Dog meat farmers in South Korea are resisting increasing moves to ban their industry

Dog meat farmers in South Korea are resisting increasing moves to ban their industry

Pyeongtaek, South Korea (AP) Dogs bark and stare as Kim Jong-gil approaches the rusty cages housing the large, short-haired animals he sells for their meat. Kim opens a door and grabs one dog’s neck and chest.

Kim says he is proud of the dog meat farm that has supported his family for 27 years, but he is troubled by the increasing attempts by politicians and activists to ban the business, which he hands over to his children.

“It’s more than just feeling bad. I totally oppose these moves, and we will mobilize all our means to resist them,” Kim, 57, said in an interview at his farm in the city of Pyeongtaek, south of Seoul.

Consuming dog meat is a centuries-old practice on the Korean Peninsula that has long been seen as a source of stamina on hot summer days. It is not explicitly banned or legalized in South Korea, but more and more people want to ban it. There is a growing public awareness of animal rights and concerns about South Korea’s international image.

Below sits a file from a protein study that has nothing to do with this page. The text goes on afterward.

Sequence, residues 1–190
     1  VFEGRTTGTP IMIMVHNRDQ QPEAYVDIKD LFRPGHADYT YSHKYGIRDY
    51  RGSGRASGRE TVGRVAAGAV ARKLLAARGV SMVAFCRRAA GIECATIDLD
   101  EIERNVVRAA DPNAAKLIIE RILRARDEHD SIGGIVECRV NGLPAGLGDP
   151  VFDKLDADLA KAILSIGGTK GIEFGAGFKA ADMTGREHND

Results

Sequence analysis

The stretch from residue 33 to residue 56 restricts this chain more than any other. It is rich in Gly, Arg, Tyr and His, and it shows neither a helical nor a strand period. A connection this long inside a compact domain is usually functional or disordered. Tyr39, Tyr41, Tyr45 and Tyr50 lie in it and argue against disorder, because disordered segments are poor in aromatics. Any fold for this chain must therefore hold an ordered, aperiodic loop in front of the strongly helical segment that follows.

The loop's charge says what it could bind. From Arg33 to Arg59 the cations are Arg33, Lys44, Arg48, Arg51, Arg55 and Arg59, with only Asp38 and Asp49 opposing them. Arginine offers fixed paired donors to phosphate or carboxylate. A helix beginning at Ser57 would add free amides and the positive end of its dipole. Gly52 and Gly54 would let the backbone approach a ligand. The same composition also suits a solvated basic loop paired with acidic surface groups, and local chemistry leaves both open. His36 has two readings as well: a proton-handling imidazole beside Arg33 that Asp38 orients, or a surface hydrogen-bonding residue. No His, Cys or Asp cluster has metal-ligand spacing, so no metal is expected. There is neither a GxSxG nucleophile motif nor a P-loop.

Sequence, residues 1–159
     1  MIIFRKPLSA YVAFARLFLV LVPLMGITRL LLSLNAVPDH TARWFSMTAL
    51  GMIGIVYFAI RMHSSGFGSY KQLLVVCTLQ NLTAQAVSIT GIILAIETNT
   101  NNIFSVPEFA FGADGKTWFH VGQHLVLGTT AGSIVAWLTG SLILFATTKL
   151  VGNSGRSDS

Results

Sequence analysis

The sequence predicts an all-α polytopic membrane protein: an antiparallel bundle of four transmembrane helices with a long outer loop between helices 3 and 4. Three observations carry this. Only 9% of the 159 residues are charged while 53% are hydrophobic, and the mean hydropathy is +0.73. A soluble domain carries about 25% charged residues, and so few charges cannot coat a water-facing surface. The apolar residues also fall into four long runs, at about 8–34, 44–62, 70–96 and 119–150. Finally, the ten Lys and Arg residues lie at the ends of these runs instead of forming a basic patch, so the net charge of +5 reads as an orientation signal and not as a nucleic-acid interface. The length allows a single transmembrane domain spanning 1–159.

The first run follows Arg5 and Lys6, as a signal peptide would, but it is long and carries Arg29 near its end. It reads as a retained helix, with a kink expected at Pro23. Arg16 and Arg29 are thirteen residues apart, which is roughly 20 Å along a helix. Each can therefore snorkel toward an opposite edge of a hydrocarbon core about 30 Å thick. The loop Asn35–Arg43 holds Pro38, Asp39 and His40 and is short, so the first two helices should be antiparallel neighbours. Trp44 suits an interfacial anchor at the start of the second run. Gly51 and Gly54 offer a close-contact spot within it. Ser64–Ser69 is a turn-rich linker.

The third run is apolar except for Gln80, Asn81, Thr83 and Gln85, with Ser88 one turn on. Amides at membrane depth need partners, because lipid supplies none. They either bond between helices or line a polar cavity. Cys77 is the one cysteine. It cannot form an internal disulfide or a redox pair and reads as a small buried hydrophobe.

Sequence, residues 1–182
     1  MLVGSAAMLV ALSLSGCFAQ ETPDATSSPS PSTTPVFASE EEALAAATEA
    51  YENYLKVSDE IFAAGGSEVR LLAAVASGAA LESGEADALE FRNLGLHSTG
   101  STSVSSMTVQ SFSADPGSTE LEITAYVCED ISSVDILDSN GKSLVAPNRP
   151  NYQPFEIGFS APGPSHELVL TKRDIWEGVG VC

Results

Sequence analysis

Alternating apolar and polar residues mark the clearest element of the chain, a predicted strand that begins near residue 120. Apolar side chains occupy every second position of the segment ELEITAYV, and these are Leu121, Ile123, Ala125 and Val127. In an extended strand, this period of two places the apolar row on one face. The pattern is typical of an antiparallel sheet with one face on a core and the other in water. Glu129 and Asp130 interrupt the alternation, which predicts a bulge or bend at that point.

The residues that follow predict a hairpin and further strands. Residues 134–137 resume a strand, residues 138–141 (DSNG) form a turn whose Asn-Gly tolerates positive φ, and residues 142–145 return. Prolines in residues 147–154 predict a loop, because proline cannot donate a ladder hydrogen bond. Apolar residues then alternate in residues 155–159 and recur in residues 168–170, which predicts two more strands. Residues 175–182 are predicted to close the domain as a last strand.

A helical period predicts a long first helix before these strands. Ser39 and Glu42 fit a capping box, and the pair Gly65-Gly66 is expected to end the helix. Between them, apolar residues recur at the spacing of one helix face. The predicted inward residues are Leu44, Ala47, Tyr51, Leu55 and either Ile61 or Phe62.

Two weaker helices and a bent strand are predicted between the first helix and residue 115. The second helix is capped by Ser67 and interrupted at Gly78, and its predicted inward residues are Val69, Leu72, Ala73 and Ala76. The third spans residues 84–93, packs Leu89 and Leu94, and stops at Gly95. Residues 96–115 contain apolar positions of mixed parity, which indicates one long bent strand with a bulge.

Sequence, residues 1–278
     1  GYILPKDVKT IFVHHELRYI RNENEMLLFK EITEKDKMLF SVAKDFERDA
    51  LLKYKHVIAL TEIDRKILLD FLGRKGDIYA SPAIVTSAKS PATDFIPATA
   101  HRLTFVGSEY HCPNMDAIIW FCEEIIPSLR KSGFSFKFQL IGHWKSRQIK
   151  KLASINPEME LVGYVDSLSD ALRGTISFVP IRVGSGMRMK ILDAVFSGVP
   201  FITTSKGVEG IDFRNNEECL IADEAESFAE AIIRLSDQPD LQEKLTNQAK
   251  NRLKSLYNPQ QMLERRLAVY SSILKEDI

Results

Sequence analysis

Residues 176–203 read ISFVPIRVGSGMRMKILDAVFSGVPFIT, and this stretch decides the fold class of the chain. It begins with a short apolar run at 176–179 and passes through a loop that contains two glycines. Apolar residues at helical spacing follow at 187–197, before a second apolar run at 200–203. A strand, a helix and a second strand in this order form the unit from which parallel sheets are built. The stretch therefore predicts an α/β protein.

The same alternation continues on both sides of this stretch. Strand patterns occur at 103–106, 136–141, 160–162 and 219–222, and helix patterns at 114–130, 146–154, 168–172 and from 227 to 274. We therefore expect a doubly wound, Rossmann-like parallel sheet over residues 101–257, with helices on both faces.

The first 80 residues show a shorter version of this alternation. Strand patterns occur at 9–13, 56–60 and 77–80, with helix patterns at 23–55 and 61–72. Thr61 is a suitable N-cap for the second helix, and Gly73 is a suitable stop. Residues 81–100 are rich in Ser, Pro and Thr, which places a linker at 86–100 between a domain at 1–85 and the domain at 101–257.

The anti-dog meat campaign recently received a major boost when the country’s First Lady expressed support for the ban and two lawmakers introduced bills to crack down on the dog meat trade.

Foreigners think of South Korea as a cultural powerhouse. Han Gyeonghae, an opposition lawmaker who introduced legislation to ban the dog meat industry last month, said the more Korean culture raises its international profile, the more traumatic foreigners face over consuming dog meat.

Prospects for passing the anti-dog meat law are clouded by protests from farmers, restaurant owners, and others involved in the dog meat industry. Surveys show that one in three South Koreans oppose such a ban, even though most people don’t eat dog meat anymore.

Dogs are also eaten In China, Vietnam, Indonesia, North Korea and some African countries, including Ghana, Cameroon, Congo and Nigeria.

earlier this month, Indonesian authorities announced The end of the slaughter of dogs and cats in an animal market on the island of Sulawesi, after a years-long campaign by local activists and world celebrities. The Tomohon Extreme Market will become the first of its kind in Indonesia to be free of dog and cat meat, according to cruel animal control group Humane Society International.